UK retail sales fell 0.4% in November
Widespread discounting on the High Street failed to stop retail sales falling by 0.4% in November from the month before.
Excluding spending on fuel, retail sales fell 0.7% on the month, according the Office for National Statistics.
The data revealed that consumers had cut back spending on computers, mobile phones, watches and jewellery, but that clothes sales had recovered.
The British Retail Consortium said the figures were "miserable".
The fall in November follows a surprise rise in sales in October, which analysts said was due to the start of deep discounting by retailers.
The ONS on Thursday also revised up its figures for the three months to the end of November. This meant sales rose 0.7% over the quarter, the strongest three-month gain since August 2010.
Retailers are under pressure as consumers rein in spending and businesses are looking to the Christmas sales period for a boost.
Stephen Robertson, director-general of the British Retail Consortium, said the data showed that November was "a very trying month".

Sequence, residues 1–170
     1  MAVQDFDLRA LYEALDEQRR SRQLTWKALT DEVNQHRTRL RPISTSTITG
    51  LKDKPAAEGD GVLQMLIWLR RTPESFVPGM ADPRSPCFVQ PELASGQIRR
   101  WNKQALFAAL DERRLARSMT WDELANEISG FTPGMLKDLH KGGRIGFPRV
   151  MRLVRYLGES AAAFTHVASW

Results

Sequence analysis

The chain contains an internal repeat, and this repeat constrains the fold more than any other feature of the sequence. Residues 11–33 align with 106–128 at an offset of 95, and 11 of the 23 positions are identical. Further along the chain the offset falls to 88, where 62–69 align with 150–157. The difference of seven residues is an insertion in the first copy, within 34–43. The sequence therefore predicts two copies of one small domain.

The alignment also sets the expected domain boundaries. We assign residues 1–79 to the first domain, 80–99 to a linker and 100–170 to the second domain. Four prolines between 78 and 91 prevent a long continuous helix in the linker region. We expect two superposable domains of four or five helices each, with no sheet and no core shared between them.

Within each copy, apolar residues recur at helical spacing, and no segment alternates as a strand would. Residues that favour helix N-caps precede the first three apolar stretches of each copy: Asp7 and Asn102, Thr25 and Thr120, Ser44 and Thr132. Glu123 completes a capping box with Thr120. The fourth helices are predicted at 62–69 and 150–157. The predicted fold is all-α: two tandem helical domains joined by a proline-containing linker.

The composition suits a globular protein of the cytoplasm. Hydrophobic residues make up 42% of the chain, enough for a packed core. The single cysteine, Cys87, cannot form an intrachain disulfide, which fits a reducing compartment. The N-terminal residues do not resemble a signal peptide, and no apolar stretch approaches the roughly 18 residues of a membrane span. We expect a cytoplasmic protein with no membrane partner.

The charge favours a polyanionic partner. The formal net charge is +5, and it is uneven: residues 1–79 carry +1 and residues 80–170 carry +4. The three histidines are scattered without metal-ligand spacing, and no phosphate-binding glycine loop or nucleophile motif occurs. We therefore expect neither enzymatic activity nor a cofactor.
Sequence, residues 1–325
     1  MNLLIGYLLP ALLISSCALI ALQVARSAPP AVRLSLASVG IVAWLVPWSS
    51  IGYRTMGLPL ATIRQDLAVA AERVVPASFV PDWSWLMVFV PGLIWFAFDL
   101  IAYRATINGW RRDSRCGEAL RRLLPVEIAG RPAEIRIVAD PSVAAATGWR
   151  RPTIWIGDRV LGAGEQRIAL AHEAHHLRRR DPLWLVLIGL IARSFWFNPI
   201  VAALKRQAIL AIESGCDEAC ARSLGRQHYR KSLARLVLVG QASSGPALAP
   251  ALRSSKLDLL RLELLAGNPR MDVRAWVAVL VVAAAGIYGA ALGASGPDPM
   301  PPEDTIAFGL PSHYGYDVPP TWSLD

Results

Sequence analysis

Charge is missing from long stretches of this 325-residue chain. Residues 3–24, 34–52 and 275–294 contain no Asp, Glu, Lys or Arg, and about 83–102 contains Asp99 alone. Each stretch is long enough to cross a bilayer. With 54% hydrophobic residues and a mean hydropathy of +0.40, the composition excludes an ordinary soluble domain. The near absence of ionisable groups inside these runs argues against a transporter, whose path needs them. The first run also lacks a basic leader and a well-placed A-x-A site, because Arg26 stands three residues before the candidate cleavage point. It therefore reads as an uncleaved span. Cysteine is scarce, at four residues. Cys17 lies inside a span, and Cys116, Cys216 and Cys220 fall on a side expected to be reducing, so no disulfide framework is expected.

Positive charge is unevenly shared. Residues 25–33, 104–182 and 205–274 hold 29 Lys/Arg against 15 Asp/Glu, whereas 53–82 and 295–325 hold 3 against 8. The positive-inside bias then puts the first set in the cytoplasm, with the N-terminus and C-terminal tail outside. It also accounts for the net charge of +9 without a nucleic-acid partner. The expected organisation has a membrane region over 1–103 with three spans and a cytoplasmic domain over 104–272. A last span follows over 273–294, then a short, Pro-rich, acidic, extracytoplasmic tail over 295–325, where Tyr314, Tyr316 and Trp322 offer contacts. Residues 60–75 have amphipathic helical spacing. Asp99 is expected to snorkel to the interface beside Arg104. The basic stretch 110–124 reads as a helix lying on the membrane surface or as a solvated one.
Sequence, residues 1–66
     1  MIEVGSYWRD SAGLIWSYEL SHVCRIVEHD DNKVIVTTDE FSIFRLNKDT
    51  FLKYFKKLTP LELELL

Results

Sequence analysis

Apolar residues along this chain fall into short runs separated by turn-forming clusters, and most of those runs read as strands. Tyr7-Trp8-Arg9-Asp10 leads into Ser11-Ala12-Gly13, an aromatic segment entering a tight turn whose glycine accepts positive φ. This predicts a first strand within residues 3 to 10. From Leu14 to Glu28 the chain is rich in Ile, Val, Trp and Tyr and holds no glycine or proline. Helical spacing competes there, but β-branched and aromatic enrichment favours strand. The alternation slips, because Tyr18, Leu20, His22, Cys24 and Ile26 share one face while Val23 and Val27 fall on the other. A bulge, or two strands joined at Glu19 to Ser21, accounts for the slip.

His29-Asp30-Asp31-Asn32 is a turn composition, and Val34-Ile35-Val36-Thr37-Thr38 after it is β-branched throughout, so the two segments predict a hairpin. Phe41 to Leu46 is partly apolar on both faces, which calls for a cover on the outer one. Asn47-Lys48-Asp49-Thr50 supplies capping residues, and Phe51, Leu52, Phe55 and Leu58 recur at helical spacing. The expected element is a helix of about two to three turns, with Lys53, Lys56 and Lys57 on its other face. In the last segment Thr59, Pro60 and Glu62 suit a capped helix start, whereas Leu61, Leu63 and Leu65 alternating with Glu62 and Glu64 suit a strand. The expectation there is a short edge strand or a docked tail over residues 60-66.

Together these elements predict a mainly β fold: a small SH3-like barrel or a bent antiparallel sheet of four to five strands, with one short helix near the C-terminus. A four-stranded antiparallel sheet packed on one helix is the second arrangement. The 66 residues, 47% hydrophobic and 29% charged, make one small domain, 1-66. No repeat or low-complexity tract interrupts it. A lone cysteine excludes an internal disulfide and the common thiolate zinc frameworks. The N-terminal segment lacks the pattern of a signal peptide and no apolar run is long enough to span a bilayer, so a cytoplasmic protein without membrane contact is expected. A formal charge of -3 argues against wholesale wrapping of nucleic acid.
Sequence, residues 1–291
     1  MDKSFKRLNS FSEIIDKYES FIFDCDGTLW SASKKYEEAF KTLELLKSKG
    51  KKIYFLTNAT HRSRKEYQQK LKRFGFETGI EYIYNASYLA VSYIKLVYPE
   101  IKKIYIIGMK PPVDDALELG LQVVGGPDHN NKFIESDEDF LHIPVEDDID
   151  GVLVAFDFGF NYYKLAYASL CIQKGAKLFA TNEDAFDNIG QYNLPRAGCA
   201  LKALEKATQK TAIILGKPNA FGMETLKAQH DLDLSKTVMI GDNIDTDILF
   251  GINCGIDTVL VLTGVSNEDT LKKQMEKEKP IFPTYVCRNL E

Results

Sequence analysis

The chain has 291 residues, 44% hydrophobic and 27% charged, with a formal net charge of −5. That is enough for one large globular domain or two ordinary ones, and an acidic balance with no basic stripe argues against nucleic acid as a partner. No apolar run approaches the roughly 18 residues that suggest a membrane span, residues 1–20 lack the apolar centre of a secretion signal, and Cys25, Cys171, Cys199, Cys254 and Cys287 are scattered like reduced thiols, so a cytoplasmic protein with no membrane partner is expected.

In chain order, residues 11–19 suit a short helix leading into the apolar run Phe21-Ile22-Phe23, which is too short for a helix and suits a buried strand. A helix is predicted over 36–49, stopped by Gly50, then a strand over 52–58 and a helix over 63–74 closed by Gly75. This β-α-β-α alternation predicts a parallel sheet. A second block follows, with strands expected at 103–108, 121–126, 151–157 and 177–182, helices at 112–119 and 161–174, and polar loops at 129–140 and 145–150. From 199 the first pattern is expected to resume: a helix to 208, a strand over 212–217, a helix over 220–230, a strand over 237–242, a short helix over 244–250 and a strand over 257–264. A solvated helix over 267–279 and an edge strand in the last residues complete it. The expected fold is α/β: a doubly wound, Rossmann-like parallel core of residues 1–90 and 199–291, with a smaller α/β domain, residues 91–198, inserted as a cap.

"Non-food is having a thoroughly miserable and difficult time," he told the BBC.'Uncertain' outlook
However, Philip Shaw, at Investec, said that the sales fall in November was not necessarily a surprise, given the prior quarter had been solid.
"Perhaps the rise in textile store sales (over the three months) was a little bit of an anomaly, given relatively warm weather. But in terms of the broad trend in sales volumes, it still looks a little bit firmer than had been the case earlier in the year.
"But the outlook for the economy and consumer spending specifically remains uncertain," Mr Shaw said.
Howard Archer, economist at IHS Global Insight, added: "It may be that a substantial number of consumers are delaying their Christmas purchases in the belief/hope that struggling retailers will increasingly engage in discounting and promotions as the Big Day draws ever nearer."
The sales figures come two days after a Government-commissioned report by retail guru Mary Portas warned that the UK's High Streets were under threat from online competition, and described some town centres as "dead".
She said it was too late to save every High Street but warned that casualties would continue to increase unless action was taken to tackle the "crisis".